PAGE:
The World Health Organization is a specialized UN agency concerned with the international public health of its 194 Member States. In structure, the agency works at three distinct office levels that provide technical assistance to the Member States. Headquarters is located in Geneva and there are six Regional offices where further strategy and coordination takes place. Ultimately, technical assistance provided by the HQ and Regional offices which includes evidence generation, guidance, and training supports Country offices who work directly with Member State governments and stakeholders on national health development. Each Regional and Country office is organized uniquely to best fit the health contexts of the countries. For example, in Syria, a country currently going through a humanitarian crisis, emergency response to support lifesaving health interventions is a priority; whereas in China, rapid urbanization and industrialization means that resources are being allocated to combatting environmental health risks like air pollution and traffic accidents.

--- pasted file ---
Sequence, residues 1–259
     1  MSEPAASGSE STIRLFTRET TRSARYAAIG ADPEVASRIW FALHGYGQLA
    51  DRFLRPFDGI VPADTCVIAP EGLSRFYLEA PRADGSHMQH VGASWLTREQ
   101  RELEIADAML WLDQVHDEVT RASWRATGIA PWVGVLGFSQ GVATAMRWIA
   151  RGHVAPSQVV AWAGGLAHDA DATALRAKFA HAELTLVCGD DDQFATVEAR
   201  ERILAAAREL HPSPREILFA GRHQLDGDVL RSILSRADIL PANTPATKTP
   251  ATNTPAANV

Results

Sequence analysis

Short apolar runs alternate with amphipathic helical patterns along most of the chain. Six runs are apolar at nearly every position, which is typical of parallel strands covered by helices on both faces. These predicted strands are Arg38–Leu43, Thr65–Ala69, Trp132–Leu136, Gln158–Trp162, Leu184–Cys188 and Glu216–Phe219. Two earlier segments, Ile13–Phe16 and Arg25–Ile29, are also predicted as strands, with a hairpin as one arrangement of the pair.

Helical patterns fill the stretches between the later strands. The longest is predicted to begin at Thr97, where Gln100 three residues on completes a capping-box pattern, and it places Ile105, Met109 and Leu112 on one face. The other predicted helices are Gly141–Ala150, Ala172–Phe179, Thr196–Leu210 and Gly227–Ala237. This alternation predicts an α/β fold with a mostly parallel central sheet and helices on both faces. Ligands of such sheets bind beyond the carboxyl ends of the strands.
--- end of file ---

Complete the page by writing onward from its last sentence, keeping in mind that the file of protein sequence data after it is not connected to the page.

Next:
HQ is divided into overarching clusters and departments; I worked in the Maternal, Newborn, Child, and Adolescent Health department, which is under the Family, Women’s and Children’s cluster. The health mandate of the MNCAH department is guided by the Global Strategy for Women’s, Children’s, and Adolescents’ Health 2016-2030, a roadmap towards achieving the Sustainable Development Goals and ensuring every newborn, mother, and child survives and thrives. The department’s broad scope of work involves research and development of the evidence and information that guides the creation of norms and standards, guidelines, and the tools that support policy and programming in country. These policies and programmes – and ultimately their results – are monitored and evaluated to further inform research and development. This cyclical, iterative process facilitates access and improvements to health services and delivery that every woman, newborn, child, and adolescent needs to realize their right to physical and mental health and well-being.